Tax rises or government spending cuts looked a growing possibility yesterday after official figures estimated that so-called "carousel" fraud activity had jumped another 50% in the second quarter of the year, reports the Guardian.
The paper says the Office for National Statistics, the government statistician, estimated that there had been nearly £10bn of criminal activity aimed at fraudulently reclaiming VAT from HM Revenue & Customs. That was up from £6.5bn in the first quarter and four times the estimate for the same period last year.
The amount of VAT actually lost to fraud was unclear. Figures for 2005 will not be released until Gordon Brown's pre-budget report at the end of the year. But for 2004, the latest year for which figures are available, the government has calculated VAT theft was £1.1bn-£1.9bn, on estimated fraudulent trading worth £2.4bn. With activity estimated to exceed £30bn this year, 15 times the level of 2004, the actual VAT losses could run to £20bn - the equivalent of 6p on the basic rate of income tax.
Treasury officials denied that carousel fraud was out of control. "We are aware that operational indicators suggest levels of [fraud] activity are increasing and we have responded robustly. However, the adjustments ... represent attempted fraud, not stolen VAT, and it is not possible to make assumptions about losses incurred by the Exchequer," said a spokesman.
A spokeswoman added that the department was getting to grips with the problem: "HMRC's significantly strengthened operational strategy to tackle this fraud though a combination of legislation, litigation and operational initiatives is delivering results."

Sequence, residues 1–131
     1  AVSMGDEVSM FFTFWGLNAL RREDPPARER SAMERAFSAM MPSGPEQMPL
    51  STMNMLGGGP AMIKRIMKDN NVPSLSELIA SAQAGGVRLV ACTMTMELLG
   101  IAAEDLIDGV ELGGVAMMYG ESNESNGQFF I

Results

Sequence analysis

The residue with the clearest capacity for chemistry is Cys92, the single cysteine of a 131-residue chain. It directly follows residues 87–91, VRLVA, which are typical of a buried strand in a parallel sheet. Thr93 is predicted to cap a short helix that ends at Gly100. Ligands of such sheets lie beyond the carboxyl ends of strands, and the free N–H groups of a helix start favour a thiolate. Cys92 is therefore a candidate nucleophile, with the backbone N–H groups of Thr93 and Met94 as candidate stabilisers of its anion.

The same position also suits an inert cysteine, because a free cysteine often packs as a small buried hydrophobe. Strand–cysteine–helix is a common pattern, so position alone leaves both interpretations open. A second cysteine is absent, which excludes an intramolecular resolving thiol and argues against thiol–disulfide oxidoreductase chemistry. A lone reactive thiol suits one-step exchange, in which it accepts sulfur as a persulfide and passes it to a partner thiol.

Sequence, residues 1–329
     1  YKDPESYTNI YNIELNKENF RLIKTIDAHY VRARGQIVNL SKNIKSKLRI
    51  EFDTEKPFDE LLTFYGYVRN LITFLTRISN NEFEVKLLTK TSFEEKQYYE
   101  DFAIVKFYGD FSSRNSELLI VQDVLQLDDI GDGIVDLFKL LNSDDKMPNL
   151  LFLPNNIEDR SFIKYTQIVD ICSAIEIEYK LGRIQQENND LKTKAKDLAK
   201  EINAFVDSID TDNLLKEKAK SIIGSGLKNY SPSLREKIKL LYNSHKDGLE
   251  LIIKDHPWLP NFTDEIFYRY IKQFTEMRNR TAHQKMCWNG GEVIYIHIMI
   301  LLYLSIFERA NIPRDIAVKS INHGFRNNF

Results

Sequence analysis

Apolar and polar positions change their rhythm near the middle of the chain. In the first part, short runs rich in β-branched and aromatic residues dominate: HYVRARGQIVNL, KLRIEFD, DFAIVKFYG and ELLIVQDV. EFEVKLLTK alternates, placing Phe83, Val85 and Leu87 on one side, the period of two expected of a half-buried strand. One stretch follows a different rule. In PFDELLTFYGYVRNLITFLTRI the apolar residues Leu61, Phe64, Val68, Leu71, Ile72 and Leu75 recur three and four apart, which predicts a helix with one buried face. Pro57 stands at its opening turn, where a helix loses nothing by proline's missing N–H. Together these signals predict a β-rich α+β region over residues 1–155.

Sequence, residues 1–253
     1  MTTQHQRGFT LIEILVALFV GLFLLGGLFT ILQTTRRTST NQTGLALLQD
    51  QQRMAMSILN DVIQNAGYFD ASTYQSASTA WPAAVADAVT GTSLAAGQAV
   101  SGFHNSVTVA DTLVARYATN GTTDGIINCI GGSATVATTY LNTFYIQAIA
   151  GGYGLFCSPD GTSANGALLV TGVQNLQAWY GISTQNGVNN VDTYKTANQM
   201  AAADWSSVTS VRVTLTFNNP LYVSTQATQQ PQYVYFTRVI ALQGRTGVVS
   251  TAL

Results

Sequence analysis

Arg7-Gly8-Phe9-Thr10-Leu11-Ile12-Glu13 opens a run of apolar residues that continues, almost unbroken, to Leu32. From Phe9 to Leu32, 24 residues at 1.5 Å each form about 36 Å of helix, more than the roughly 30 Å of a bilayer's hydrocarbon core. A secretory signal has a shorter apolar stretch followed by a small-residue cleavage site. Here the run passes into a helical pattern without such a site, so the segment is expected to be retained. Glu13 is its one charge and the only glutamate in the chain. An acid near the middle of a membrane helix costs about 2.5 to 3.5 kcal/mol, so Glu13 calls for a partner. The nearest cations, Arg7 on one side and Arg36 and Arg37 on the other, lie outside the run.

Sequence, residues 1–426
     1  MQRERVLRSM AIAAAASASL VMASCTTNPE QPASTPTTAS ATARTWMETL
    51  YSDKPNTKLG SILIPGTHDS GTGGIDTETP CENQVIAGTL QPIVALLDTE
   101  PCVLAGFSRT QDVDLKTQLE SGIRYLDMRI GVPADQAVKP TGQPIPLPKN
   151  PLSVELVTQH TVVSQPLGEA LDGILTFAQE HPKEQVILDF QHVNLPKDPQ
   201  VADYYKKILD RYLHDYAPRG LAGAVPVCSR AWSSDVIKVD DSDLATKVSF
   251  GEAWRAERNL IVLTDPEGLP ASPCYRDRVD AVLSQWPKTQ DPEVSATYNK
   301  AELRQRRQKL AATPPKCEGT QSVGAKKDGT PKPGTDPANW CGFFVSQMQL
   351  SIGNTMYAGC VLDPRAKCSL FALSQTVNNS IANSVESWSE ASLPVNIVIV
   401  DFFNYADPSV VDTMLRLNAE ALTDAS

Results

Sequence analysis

Vince Cable, the Liberal Democrat Treasury spokesman, was unconvinced. "There is an alarming degree of complacency in the government about the large-scale damage this fraud can do to tax revenues," he said.
He said European countries needed to develop a common approach to prevent fraudsters abusing the single market. "The British government has been very slow to take up this challenge."
Revenue & Customs has acknowledged the explosion in fraudulent activity and recently doubled the number of investigators to 1,000. In the past it has repeatedly struggled to catch, let alone prosecute, fraudsters, which it said had further encouraged the criminals. However, it recently made a number of convictions and morale among investigators has improved.
The high level of fraudulent activity is distorting Britain's trade figures. Data from the ONS yesterday showed British goods exports up 39% in the second quarter on the same period last year. Once the estimated carousel fraud activity was removed, exports were up 12%.
The Bank of England, in its quarterly Inflation Report yesterday, expressed its frustration at fraud muddying its reading of the economy. "Carousel fraud makes it extremely difficult to ensure accurate measurement of trade flows," it said.